Thrill rides, beneficial bugs, and a rubber duck


Highway 63 and Lovelace Road

This junction, Highway 63 and Lovelace Road, northeast of Pine Bluff, Arkansas has possibilities as a movie location. You can almost hear the chopper blades whopping on the far side of the highway. And perhaps some Jaws music.

After seeing hair-raising rides and finding some minuscule Lady Bugs in a thousand acre plus field,  my expectations for the balance of the day did not include anymore “Kodak moments.”  However, I should have known better.

To access the field where I found the bugs, I had to exit and descend from elevated highway. On the way back, all that goes down, must go up — and lo and behold, there was a road with a sky background — the thing of movie sets. One could envision the Creature from the Black Lagoon, the cavalry, an Apache chopper with guns blazing, or a tank topping the rise with any of the above headed straight at you while you listen to something akin to the Ride of the Valkyries.

carnival ride passengers

See more pictures at Corndancer dot-com.

Before we go much further with this epistle, may I suggest you digress momentarily and go to the Photo of the Week Page at Corn Dancer dot Com where this story got its start. You’ll see a four-story swing at the Star Daze Festival at Star City AR, some people riding it, and a bigger that life Lady Bug.

We’ll stand by here, patiently waiting your return, while you peruse this entertaining and informative page.

On faith that something would turn up, which it usually does, I headed toward the Arkansas River Bridge over Emmett Sanders Lock and Dam northeast of Pine Bluff, Arkansas. On past trips over the bridge and the elevated highway one travels after crossing the bridge, I noticed a road crossing under the elevated highway. I figured it was time to check it out.

The road runs at the edge of a giant wheat field. After running the length of the road and finding some nice riverside residences,  I turned around to head back. I stopped in the way out to shoot some wheat, cleverly figuring that the caption would say something to the effect of  — “coming soon to a biscuit near you.”

Lady bugs on wheat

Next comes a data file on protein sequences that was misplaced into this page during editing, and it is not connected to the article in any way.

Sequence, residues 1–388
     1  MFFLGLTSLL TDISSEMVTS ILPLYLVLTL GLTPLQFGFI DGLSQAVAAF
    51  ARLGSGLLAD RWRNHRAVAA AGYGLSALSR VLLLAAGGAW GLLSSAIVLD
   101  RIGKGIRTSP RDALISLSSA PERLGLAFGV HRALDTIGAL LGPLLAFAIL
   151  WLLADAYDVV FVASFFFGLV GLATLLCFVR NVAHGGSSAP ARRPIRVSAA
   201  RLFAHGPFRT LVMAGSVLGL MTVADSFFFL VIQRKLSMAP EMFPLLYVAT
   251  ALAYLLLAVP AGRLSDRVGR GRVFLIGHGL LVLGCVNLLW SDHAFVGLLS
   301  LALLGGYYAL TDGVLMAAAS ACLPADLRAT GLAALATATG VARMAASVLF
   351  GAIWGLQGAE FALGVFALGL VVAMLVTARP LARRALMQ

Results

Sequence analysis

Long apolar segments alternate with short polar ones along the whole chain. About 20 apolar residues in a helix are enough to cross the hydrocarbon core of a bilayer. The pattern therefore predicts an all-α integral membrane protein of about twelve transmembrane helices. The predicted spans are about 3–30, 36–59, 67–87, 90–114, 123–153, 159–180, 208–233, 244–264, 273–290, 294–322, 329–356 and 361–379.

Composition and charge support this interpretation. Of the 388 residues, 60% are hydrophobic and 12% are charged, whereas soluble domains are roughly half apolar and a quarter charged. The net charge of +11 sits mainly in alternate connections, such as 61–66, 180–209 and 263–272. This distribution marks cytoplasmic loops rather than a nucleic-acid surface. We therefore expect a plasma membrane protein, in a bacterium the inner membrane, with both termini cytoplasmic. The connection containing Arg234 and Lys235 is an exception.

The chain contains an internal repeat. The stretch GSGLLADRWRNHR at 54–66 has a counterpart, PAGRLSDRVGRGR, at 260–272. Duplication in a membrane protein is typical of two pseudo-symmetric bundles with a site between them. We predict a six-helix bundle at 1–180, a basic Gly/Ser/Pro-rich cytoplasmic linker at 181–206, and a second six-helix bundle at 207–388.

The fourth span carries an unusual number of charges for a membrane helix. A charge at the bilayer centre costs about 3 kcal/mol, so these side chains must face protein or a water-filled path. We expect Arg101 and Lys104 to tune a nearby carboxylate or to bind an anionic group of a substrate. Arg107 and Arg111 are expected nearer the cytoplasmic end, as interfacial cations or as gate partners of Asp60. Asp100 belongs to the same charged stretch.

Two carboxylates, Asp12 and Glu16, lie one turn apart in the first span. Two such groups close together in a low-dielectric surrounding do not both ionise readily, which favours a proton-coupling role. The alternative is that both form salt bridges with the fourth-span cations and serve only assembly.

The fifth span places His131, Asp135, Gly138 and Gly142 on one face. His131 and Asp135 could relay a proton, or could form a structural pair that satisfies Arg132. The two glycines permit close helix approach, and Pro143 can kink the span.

The odds of finding a couple of Lady Bugs in a wheat field bigger than a lot of towns are tall. These critters are stretching to hit 1/4" long.

I set up to shoot the wheat. After a few frames, I saw the first Lady Bug, and then the second. Not wanting to pass up this chance, I put my person on the ground at Lady Bug level to record these critters. Some contortion required.  The bugs cooperated completely showing no fear of the monster and his equipment pointed in their direction. But then that is their nature. They are beneficial bugs. For all of their innocent appearance, they are predators. And their prey is the pest bugs that damage crops and flowering plants. You just go girls!

And finally, it’s never too late!

rubber duck in the tub

There are some things one can continue to enjoy, regardless of age. One of those things, I must confess, is a rubber duck in your bathtub. Why not?

Certainly, it’s not rubber. Probably some sort of polyetheleynebi-nomialplasticenedi-something or other, but you get the drift. Do something nice for yourself today.

BUT WAIT, THERE’S MORE

gallery thumbnails

See more thrilled riders, festival, ladybugs, and more at our Weekly Grist Gallery. Click on the the thumbnails above. Bigger high resolution pictures.

Thanks for dropping by,

Joe Dempsey
Weekly Grist for the Eyes and Mind

http://www.joedempseycommunications.com/
http://www.joedempseyphoto.com/

http://www.corndancer.com/joephoto/photohome.html

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A fortuitous inversion


hazy sunset

Sun, smoke, haze and tall weeds came together at the right moment in an inversion.

In Los Angeles, an inversion, though not a four-letter word, is viewed with the same contempt that a four-letter word earns in polite company. Inversions exacerbate smog problems. In LA, (lower Arkansas), on a late August late afternoon, an inversion is a good thing if you are looking for a good shot. Inversions hold hazy layers close to the ground.

It was an overall lucky day. Earlier I found an old home place stand of trees in a “cotton patch.” See what I found on the Photo of the Week Page at Corndancer dot com. Click here to go there. A cool thing to do. We’ll wait here.

Back to the inversion.The sun was setting fast just a half mile or so from the Arkansas River levee east of  Tamo, Arkansas. It was then that I spotted a layer of smoke from a shouldering field burn-off sandwiched between me and the sun. In the foreground were weeds standing tall along the road right of way, well nourished from fertile field runoff. The moment was fleeting.

A visual scan of the scene made me immediately grateful for whatever higher power steered me in this direction. A few moments earlier and the effect would not have been the same. A few minutes later and it would be gone forever.

Weeds, haze, and sun

Sometimes one picture is two. In this case, weeds, haze, and sun make a statement. Any accolades belong to the higher power which steered me in this direction and stuck my nose in it.